Black Death

Posted: May 10, 2011 by crowbait in Film, Reviews

As mentioned earlier this morning, “Black Death” is available on DVD today. The antidote to “Season of the Witch,” Sean Bean heads a band of ex-soldiers in the service of the church, hunting and eliminating the servants of the devil.

Plague-ridden medieval England: Bodies lie scattered in their hundreds, the country is in turmoil. One hope remains, rumours of a village that is unaffected by the deadly disease. As God’s ambassador, young monk Osmund (Eddie Redmayne) is tasked  in leading the fearsome knight Ulrich (Sean Bean) and his group of mercenaries to the remote village. Their quest is to hunt down a necromancer – someone able to bring the dead back to life.

Their journey is treacherous and filled with danger; encountering deadly bandits and vicious witch-burnings that will put their faith to the ultimate test. Though it’s upon entering the village that their true horror begins…

From Christopher Smith, director of cult hits Creep, Severance and Triangle, comes a brutal and terrifying epic that guarantees to chill the blood and stir the soul.

The Good:

No one is “right.” It is a story about faith and violence.

Sure, it shares some themes with the previously mentioned failure, “Season of the Witch,” and classic “The Wicker Man,” but “Black Death” bears a gritty realism in both the setting and performances.  More like a slice of life movie – a very violent, scary slice of life.  The realism makes for a better film.

The characters possess believable motivations for their involvement in their little crusade and provide an interesting mix of true believers living out their faithful convictions, soldiers pursuing the mission like they would any order given in war and opportunists looking to profit or pursue their own parallel desires. In an enjoyable twist, the young monk Osmund is the first to show his opportunistic rationalizations for the quest. None of these characters are simple and interactions are not wasted. Each is given a brief moment of introduction and then as the story unfolds every line and action fills out the character outline. In an early sequence, the travelling band encounters a mob of villagers preparing to burn a woman accused of witchcraft. Ulrich takes the opportunity to show his devotion to the church and his family, victims of the plague he believes was caused by necromancy, but does not react predictably. He is humanized through his actions and his belief in the inevitability of violence. Sometimes, death is a mercy he can offer the accused.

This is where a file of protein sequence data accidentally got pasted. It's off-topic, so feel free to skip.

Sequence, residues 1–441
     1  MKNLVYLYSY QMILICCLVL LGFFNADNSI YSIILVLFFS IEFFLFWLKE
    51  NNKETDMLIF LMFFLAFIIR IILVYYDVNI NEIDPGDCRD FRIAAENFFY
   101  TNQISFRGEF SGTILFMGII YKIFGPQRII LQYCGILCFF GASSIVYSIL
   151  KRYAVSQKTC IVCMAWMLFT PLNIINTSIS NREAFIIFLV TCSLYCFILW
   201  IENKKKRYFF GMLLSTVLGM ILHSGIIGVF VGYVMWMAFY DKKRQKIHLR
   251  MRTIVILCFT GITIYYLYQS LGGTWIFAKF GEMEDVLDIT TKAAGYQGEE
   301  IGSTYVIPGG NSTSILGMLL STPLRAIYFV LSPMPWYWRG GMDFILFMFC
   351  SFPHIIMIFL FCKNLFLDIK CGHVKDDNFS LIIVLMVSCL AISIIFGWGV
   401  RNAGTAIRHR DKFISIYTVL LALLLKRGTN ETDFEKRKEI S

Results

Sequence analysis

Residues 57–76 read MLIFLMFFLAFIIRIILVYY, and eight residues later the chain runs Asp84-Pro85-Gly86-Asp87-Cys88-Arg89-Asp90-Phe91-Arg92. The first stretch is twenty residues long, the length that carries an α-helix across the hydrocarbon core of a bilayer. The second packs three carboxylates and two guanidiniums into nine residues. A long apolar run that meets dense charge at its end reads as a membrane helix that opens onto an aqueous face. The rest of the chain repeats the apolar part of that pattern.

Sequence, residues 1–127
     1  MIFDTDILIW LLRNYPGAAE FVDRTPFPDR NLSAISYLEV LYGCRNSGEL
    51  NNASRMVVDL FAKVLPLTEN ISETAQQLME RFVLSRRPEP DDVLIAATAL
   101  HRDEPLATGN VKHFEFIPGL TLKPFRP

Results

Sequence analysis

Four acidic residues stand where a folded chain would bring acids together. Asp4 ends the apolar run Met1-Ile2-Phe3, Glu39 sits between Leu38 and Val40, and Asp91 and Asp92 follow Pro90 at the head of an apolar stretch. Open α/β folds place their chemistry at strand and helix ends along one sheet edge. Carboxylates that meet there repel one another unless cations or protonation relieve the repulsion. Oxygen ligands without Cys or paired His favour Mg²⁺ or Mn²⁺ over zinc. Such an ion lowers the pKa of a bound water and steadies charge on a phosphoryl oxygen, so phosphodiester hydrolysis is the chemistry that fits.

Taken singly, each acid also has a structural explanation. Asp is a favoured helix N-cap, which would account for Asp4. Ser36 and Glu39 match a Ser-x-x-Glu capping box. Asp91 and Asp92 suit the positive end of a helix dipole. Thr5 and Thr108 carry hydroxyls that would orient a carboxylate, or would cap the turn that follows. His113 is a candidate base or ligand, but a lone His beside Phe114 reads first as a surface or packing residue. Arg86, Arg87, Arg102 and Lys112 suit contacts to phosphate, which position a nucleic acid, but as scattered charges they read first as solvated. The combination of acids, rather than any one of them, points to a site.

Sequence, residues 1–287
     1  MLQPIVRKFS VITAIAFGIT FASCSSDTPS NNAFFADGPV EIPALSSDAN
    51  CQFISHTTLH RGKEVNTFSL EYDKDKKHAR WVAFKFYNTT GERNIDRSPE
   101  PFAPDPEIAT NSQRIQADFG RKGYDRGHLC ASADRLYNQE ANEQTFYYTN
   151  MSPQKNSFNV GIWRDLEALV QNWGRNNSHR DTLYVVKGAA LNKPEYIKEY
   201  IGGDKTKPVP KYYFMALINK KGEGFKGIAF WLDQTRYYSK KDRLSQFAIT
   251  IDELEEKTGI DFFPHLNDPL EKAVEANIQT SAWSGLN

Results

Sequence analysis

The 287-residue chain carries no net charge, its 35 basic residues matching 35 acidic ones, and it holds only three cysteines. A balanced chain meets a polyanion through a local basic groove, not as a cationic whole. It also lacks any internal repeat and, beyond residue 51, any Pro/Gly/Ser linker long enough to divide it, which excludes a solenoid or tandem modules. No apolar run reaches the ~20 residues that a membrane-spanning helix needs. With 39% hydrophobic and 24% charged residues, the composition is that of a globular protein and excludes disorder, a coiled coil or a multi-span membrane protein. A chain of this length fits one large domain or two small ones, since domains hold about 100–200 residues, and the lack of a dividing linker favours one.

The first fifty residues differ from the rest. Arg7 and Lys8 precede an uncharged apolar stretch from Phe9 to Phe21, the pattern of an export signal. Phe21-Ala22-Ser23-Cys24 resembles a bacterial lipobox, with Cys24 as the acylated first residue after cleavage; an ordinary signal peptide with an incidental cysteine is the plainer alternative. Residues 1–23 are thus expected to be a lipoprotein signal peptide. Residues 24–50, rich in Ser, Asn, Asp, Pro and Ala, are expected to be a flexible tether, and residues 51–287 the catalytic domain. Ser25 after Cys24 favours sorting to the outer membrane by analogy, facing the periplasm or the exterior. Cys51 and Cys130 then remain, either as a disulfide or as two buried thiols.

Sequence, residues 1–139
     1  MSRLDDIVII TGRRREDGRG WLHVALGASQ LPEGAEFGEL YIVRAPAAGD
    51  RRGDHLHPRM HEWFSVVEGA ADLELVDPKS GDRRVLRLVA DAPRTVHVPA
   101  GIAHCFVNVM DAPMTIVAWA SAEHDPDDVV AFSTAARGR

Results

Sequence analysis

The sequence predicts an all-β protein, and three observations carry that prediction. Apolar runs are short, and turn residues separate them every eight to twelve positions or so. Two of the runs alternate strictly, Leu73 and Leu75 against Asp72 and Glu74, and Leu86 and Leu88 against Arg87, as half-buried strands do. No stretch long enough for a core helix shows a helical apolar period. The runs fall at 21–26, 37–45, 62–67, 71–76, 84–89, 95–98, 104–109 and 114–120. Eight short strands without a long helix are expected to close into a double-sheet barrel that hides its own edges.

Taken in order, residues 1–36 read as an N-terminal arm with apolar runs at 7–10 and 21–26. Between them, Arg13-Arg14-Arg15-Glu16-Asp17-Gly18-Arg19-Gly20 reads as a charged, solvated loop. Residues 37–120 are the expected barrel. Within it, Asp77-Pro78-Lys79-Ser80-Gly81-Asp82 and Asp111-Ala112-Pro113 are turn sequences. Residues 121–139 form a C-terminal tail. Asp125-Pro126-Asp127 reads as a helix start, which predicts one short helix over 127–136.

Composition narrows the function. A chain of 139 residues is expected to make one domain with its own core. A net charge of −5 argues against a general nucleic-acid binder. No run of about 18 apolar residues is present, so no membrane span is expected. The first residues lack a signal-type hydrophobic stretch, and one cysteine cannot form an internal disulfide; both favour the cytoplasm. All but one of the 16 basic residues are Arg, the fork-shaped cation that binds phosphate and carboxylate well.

The depictions of violence are well handled. In the heat of battle, fighting off the expected forest encounter with marauding brigands, swordplay is brutal and the capacity for medieval weapons to maim and slaughter is frightening and clear. Unusual for a movie about violence, though, much of the brutality is implied instead of shown. It’s a real world of savagery and torture, not a slasher. Gore is not the focus. However, when it is on camera, it’s all practical. Points for that.

As a side note, it’s nice to really be able to see a director mature through his films.  “Black Death” is Christopher Smith’s best film to date, dealing with more complex themes, stronger atmosphere and more depth in the characters.  We look forward to his next movie and hope he continues to evolve as a director.

The Bad:

This is a film that has been badly misrepresented in its own press. Despite what trailers or interviews would indicate, it’s not a violent film. Instead, it is about violence. A viewer expecting a series of gruesome torture sequences of various witches will be disappointed. In fact, images and even film clips used in magazine and online promotions have been cut. Perhaps an unrated release will restore this material, but we hope not, fearing the film may lose its focus.

Some other critics have reported that the film’s ending will be divisive in a “love it or hate it way.” From our viewing, however, it worked. The conclusion, while upsetting, was the result of a natural progression.

Our righteous band of witchhunters.

Does It Pass the Bechdel?

No. The female characters of the film never interact in any meaningful way.

Would we recommend?

Yes, provided you can avoid baggage from the advertisements, you can find a lot to enjoy. There are good performances all around and some beautiful settings that take away the oppressive weight of other, lesser films.

A note from Jenny Dreadful: The violence is not graphic and excessive, but viewers who are particularly sensitive to torture in film may prefer to avoid it anyway. Although many moments are not seen, enough horrors are heard and implied to haunt some. But, yes, absolutely. Despite my disclaimer, highly recommended.

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